The Millennium Development Goals (MDGs) embody the key dimensions of human development – poverty, hunger, education, health – expressed as a set of time-bound targets. They include halving income-poverty and hunger; achieving universal primary education and gender equality; reducing under-five mortality by two-thirds and maternal mortality by three-quarters; reversing the spread of HIV/AIDS; and halving the proportion of people without access to safe water. These targets are to be achieved by 2015, the comparison point being 1990.
It is often said that global targets are easily set but seldom met. The real question for the goals is whether they are feasible and how we measure whether we are achieving them. Progress to date in areas such as education, health, nutrition and income in more than 130 developing countries is difficult to summarise.
The 1990s saw many success stories, including a sharp increase in primary education enrollment in Guinea and Malawi; a halt to the rise in incidences of HIV/AIDS in Senegal, Thailand and Uganda; a sharp fall in child mortality in Bangladesh and the Gambia; improved nutrition in Indonesia, Mexico and Tunisia; and a reduction in income-poverty in China.
But for each success story, there is another tale of setbacks. The under-five mortality rate increased in Cambodia, Kenya, Malawi and Zambia – an unprecedented trend after decades of steady decline. The primary school enrolment ratio dropped in Cameroon, Lesotho, Mozambique and Tanzania. The gender gap in primary education widened in Eritrea, Ethiopia and Namibia. Instead of decreasing, malnutrition increased in Burkina Faso and Yemen. Access to water became more difficult for millions of people; Bangladesh faced a major problem with arsenic water poisoning. And countless countries saw their HIV prevalence rate double, triple, quadruple, even increase ten-fold – severely undermining the feasibility of most development goals, not just in health.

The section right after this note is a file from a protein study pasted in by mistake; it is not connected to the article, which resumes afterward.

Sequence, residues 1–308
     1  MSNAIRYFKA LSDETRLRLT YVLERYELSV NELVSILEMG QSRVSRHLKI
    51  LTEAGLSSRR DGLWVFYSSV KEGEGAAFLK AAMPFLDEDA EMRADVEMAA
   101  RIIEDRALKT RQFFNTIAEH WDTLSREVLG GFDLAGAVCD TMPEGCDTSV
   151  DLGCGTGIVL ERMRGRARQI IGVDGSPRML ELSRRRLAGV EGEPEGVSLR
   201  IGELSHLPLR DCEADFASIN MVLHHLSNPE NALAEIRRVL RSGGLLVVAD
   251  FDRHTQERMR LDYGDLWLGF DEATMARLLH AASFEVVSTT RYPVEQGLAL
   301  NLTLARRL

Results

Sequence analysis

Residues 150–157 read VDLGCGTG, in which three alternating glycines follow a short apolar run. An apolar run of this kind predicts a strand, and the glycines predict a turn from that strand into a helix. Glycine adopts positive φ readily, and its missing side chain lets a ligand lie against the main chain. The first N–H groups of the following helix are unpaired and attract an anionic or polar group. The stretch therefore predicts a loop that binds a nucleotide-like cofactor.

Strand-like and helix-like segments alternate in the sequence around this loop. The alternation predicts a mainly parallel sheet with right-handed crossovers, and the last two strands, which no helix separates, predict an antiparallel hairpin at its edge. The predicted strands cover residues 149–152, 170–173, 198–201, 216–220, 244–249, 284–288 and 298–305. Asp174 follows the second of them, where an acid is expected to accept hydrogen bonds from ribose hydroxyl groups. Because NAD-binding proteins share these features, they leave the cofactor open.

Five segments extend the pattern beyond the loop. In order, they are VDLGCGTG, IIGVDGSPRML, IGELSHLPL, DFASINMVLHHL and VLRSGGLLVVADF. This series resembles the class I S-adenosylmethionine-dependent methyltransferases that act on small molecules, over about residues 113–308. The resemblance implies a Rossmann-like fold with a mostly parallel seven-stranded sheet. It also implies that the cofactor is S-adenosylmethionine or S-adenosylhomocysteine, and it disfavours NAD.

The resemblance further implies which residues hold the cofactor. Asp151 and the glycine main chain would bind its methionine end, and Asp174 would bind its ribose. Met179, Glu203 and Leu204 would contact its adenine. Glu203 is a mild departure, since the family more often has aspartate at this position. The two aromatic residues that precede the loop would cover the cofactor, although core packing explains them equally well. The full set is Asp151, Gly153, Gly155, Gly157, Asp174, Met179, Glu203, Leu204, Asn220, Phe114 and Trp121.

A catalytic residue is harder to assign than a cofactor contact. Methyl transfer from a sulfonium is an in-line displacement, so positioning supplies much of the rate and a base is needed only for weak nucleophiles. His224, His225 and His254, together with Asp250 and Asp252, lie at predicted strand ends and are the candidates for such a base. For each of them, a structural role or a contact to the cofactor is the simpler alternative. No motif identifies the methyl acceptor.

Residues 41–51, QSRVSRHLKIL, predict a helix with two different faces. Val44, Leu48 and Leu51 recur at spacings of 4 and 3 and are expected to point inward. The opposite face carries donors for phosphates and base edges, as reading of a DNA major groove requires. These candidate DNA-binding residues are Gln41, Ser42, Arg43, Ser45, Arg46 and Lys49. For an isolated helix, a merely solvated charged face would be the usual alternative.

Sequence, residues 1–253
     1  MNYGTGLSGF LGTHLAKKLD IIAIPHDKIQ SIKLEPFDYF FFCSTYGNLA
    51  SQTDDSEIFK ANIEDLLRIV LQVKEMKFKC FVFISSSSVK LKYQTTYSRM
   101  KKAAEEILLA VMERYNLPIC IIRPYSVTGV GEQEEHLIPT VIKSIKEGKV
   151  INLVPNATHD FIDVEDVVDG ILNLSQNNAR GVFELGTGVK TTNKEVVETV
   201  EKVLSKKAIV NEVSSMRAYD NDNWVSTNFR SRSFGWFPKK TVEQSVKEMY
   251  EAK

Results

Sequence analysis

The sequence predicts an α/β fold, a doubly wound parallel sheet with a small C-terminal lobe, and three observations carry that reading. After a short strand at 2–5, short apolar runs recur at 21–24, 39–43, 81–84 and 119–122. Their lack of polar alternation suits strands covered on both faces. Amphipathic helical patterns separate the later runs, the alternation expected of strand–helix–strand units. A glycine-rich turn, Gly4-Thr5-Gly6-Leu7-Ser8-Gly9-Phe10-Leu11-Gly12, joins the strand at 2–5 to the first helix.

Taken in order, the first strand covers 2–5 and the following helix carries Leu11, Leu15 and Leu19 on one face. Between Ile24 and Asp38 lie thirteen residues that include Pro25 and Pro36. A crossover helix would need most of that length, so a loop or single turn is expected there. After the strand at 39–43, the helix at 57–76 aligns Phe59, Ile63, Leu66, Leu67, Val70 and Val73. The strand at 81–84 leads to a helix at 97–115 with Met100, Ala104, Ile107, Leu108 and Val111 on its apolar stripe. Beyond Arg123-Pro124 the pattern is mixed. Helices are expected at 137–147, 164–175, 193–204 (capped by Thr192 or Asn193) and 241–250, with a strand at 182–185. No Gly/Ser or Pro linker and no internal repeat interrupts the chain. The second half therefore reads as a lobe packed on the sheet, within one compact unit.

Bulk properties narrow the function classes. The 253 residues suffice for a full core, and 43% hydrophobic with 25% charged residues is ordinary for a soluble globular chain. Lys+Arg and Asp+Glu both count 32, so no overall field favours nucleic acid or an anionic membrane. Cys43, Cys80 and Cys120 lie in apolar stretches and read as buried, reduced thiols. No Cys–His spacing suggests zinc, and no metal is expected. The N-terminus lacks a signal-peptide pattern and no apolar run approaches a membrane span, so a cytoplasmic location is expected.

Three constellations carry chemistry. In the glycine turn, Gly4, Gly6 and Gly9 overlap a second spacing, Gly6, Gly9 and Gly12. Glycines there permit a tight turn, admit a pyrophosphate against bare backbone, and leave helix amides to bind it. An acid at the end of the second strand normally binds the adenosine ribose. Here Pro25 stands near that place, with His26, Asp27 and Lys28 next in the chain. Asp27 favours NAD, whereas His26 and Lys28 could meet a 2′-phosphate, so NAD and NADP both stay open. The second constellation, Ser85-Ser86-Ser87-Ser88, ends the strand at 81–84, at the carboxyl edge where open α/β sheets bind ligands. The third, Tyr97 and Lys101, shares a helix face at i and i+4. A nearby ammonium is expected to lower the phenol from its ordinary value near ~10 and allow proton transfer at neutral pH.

Overall, none of the agreed targets for the year 2000 was met at the global level. If the 1980s were called the “lost decade for development”, the 1990s should go down in history as the “decade of broken promises”. And if current trends prevail, only one millennium development goal will be reached at the global level by 2015: that of safe water.
But even if the goals appear feasible at the global level, it does not necessarily imply that they will be feasible everywhere, in all locations. Averages are commonly used at each level to measure progress, but while these give a good overall picture, they can be misleading. Average household income, for example, may exist as a useful concept in the mind of an economist, but bears little relation to the reality faced by the millions of poor women who have little or no control over how it is spent. Nor do average national indicators take into account which sections of the population are actually doing better than before.
Unfortunately, the poor have benefited proportionately little from ‘average’ progress to date, as evidenced by widening disparities in terms of income, education and mortality in many developing countries.